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Helliwell Provincial Park
About This Park
Helliwell Provincial Park sits on a rocky headland forested with a beautiful stand of old-growth Douglas fir. Located on St. John’s Point on Hornby Island, the park was a gift to the people of British Columbia from John Helliwell. The stunning Helliwell bluffs guard the northern entrance to Tribune Bay.
Spectacular views of marine life, the Strait of Georgia and the Coast Mountains can be had from any point along the bluffs. As you explore the park’s meandering hiking and walking trails, you will find weather-beaten old-growth Douglas firs and gnarled Garry oaks, as well as flora and fauna which may seem more at home in a desert than in a Northwest rainforest. The best times to visit are in late April and early May, when colourful wildflowers carpet the hillside along the cliffs. Please stay on designated trails to protect these fragile areas.
A recent addition to Helliwell Park is Flora Islet, which sits off the end of St. John’s Point. Flora Islet was designated as part of the park through the Pacific Marine Heritage Legacy and is one of only two locations in the world where divers can see the rare Six-gill shark. This primitive, deep-sea shark ascends from great depths to the relative shallows around Flora Islet, attracting scuba divers and marine biologists from around the world.
Park Size: 2,872 hectares
Know Before You Go
- Cliff hazards exist adjacent to hiking trails throughout the park. For your own safety and for the conservation of delicate ecosystems; please stay on marked trails and stay well back from cliff edges.
- Helliwell Bluffs are high cliffs; please be careful and stay well back from the edge. The high bluffs also make the park unsuitable for fishing.
- Bring your own drinking water as potable water is not available in the park.
- Helliwell Bluffs are a fragile ecosystem – please stay on trails and do not cross the roped off areas that are being allowed to naturally revegetate.
- The area into Lambert Channel is part of Helliwell Provincial Park. In 1997, the park was expanded to include Flora Islet, which was acquired as part of the Pacific Heritage Marine Legacy, and a large marine area. This area is managed as a marine protected area and has the following commercial fishery closures: anchovy, surf perch, pile perch, sea cucumber, octopus, scallop, squid, red urchin, Pacific oyster and green urchin. Local divers have implemented a voluntary closure on all marine life. All parks visitors are encouraged to comply with the voluntary closure.
- Helliwell Provincial Park is a beautiful place to visit and the parking lot tends to overflow with vehicles in the summer months between approximately 10:00am and 2:00pm. BC Parks suggests that you ride your bike or walk to the park if you must visit the park during these peak times. Alternatively, you may choose to visit the park during non-peak times in the early morning or late afternoon, and into the evening. Also, please be advised that when the parking lot is full, maneuvering large vehicles can be challenging, as the turning radius is tight.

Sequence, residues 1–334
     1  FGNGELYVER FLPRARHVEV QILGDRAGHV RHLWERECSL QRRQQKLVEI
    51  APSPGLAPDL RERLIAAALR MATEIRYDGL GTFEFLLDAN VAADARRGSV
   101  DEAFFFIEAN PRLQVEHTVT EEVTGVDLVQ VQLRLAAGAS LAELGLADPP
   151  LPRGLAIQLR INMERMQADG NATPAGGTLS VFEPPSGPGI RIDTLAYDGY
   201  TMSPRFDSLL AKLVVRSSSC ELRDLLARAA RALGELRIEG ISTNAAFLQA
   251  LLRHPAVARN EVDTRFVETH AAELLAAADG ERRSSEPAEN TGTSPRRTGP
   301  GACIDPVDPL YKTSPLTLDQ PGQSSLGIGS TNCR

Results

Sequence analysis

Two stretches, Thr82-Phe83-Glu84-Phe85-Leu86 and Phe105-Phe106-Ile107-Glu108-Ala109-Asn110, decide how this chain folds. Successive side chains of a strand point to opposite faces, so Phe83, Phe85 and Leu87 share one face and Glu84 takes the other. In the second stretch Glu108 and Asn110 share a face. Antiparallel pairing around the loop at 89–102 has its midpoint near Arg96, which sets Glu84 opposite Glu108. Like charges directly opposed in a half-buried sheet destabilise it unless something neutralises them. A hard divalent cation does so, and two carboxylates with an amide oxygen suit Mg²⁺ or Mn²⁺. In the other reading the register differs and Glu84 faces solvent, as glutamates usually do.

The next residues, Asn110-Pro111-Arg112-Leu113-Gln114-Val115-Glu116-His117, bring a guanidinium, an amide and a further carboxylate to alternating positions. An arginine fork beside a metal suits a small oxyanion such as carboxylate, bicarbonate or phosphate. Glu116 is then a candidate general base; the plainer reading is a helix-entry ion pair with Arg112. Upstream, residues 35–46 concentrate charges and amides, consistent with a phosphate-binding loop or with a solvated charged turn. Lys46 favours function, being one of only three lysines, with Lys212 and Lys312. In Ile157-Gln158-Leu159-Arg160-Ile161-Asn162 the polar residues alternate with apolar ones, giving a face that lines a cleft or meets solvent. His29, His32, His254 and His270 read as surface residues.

- Smoking is prohibited in the park.
- Garry Oak Meadow/Coastal Bluff habitat restoration work began in Helliwell Provincial Park March 16, 2015.
Location and Maps
Maps and Brochures
Nature and Culture
- History: Helliwell was donated by John Helliwell and established as a park in 1966.
- Conservation/Wildlife: The primary role of Helliwell Park is to protect rare and endangered terrestrial ecosystem elements, including old-growth Douglas fir and Garry oak meadows, and representative examples of marine ecosystems. The park contains sea bluffs and a rich intertidal zone. Helliwell Park is also an Important Bird Area that serves to identify and conserve a global network of bird habitat areas. It supports significant concentrations of birds that congregate in large numbers such as pelagic cormorants, surf or white winged scoters, glaucous winged gulls, long-tailed ducks, buffleheads, Barrows and common goldeneye and common mergansers. The park is nationally significant for the habitat of one of the last known populations of the endangered Taylor’s checkerspot butterfly. A number of other endangered plants and animals can be found in the park, which is also home to the rare Six-gill shark.Many sea birds and marine mammals can be seen from the trail along the bluff in the park.
Activities Available at this Park
Please stay on trails and do not cross the roped-off areas, which are being allowed to revegetate naturally. For your own safety and the preservation of the park, obey posted signs and keep to designated trails. Shortcutting trails destroys plant life and soil structure.